Many factories and non-essential production units were also required to close which removed their emissions from the atmosphere and therefore, most cities revealed very good figures for air quality.
The forest and land fires that occurred in West Kalimantan Province have had a very serious impact on the local community and especially the people of Pontianak City. Smoke that arises and forest and land fires will look like clouds that are greyish white, brown and even blackish and the darker the colour of the smoke, the more concentrated the pollutants such as sulphur dioxide, nitrogen dioxide, ozone, carbon monoxide and PM10.
Efforts to maintain air quality in Pontianak City include monitoring the industry so that it follows the rules and does not pollute the environment. In addition, the exhaust gases released by motorised vehicles can reduce air quality and cause air pollution. For this reason, the Pontianak City Environment Service periodically conducts exhaust emission tests on motorised vehicles as an effort to maintain air quality.
The goal is to reduce the use of motorised vehicles so that air pollution caused by vehicle fumes can be minimized. Planting trees is also an effort to keep the air quality clean and healthy.
The role of businessmen, government and society to prevent and to handle field and forest fire is highly expected and needs to be increased, especially to prevent worse environment destruction in the future and to reduce other negative effects from field and forest fires by applying wise and clear law instrument to the field and forest fire criminals. It’s better to prevent than to extinguish the field and forest fires.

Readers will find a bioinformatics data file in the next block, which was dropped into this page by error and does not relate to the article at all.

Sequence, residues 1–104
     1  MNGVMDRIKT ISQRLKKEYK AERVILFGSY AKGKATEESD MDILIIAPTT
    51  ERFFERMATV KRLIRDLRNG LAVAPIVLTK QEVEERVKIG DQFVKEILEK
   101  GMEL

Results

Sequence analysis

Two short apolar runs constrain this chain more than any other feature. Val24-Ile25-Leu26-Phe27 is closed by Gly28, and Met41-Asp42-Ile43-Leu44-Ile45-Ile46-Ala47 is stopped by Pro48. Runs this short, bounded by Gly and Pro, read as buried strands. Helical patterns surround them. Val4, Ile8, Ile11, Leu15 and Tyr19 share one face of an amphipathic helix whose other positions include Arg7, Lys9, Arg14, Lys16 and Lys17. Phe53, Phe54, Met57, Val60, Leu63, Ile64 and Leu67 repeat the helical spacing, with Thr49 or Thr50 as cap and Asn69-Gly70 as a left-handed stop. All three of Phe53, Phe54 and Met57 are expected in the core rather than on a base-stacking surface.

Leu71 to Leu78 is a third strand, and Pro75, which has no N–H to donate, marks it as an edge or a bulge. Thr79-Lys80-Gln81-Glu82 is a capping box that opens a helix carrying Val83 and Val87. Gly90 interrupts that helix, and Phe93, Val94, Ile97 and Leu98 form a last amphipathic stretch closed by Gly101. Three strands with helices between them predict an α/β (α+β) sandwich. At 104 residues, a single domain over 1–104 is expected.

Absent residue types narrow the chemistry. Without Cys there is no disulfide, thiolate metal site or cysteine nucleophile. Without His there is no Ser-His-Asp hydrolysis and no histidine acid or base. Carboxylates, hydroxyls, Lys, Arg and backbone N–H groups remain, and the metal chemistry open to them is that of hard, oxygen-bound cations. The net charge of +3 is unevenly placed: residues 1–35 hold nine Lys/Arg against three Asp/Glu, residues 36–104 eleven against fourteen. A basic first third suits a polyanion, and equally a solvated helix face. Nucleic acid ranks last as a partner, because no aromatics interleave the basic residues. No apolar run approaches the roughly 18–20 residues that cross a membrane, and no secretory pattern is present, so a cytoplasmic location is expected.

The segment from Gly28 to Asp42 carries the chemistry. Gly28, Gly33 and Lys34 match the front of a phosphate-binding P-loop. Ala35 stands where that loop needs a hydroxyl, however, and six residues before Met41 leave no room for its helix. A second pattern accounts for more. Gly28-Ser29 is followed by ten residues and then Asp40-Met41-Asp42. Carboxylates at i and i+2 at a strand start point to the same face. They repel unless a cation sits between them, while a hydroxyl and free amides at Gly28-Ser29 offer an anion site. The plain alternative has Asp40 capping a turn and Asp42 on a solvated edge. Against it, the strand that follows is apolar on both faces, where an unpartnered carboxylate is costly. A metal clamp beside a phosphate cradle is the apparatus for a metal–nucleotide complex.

Law enforcement efforts must be carried out against land burning companies and review their permits. The President was asked to stop the issuance of new permits and evaluate the permits that have been granted. Including evaluating government supervision of the permits issued. Another thing is to restore critical forest areas and provide opportunities for forest processing and protection to communities around the forest.
The effect from smoke and fog can cause damage to several things such as health which may cause several diseases such as respiratory inflammation, bronchitis, pneumonia, asthma and even eye irritation. The smoke and fog disturb transportation services in the air, land and sea; decreased business activity; tourism; and disturbed the education process for students. Besides that the smoke and fog also disturb relations between Indonesia and other countries such as Malaysia, Singapore and Brunei Darussalam, because they have been affected by smoke from Indonesian field and forest fires, especially which happened in West Kalimantan Province.
Forest and peatland fires and the haze that hit the islands of Kalimantan and Sumatra have exposed 10 million children to the risk of air pollution. Young children are especially vulnerable to air pollution because they breathe faster, while their physical strength and endurance are not perfect. It is estimated that there are 2.4 million children under five in the two areas affected by the haze and forest fires that have been going for several months in Indonesia.
Particles such as PM10 and PM2.5 are so small that they can act as gases. When inhaled, these particles can penetrate deep into the lungs and can cause irritation to the respiratory system and many other respiratory problems.